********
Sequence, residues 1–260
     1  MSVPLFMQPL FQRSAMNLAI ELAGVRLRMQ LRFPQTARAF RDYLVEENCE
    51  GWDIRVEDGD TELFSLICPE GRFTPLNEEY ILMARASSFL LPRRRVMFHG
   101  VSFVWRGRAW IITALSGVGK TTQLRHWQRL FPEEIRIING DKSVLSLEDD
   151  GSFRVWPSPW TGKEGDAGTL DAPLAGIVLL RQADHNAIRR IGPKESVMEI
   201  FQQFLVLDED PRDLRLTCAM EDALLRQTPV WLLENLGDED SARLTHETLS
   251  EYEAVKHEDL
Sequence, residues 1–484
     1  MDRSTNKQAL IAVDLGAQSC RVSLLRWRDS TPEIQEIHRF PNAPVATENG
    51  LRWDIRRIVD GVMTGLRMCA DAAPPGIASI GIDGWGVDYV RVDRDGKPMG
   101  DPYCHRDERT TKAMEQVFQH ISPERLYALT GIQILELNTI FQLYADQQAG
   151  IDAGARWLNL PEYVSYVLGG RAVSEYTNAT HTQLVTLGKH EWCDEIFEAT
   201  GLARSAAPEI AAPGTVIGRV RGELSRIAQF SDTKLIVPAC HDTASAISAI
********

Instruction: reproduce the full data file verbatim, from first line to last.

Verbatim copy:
Sequence, residues 1–260
     1  MSVPLFMQPL FQRSAMNLAI ELAGVRLRMQ LRFPQTARAF RDYLVEENCE
    51  GWDIRVEDGD TELFSLICPE GRFTPLNEEY ILMARASSFL LPRRRVMFHG
   101  VSFVWRGRAW IITALSGVGK TTQLRHWQRL FPEEIRIING DKSVLSLEDD
   151  GSFRVWPSPW TGKEGDAGTL DAPLAGIVLL RQADHNAIRR IGPKESVMEI
   201  FQQFLVLDED PRDLRLTCAM EDALLRQTPV WLLENLGDED SARLTHETLS
   251  EYEAVKHEDL
Sequence, residues 1–484
     1  MDRSTNKQAL IAVDLGAQSC RVSLLRWRDS TPEIQEIHRF PNAPVATENG
    51  LRWDIRRIVD GVMTGLRMCA DAAPPGIASI GIDGWGVDYV RVDRDGKPMG
   101  DPYCHRDERT TKAMEQVFQH ISPERLYALT GIQILELNTI FQLYADQQAG
   151  IDAGARWLNL PEYVSYVLGG RAVSEYTNAT HTQLVTLGKH EWCDEIFEAT
   201  GLARSAAPEI AAPGTVIGRV RGELSRIAQF SDTKLIVPAC HDTASAISAI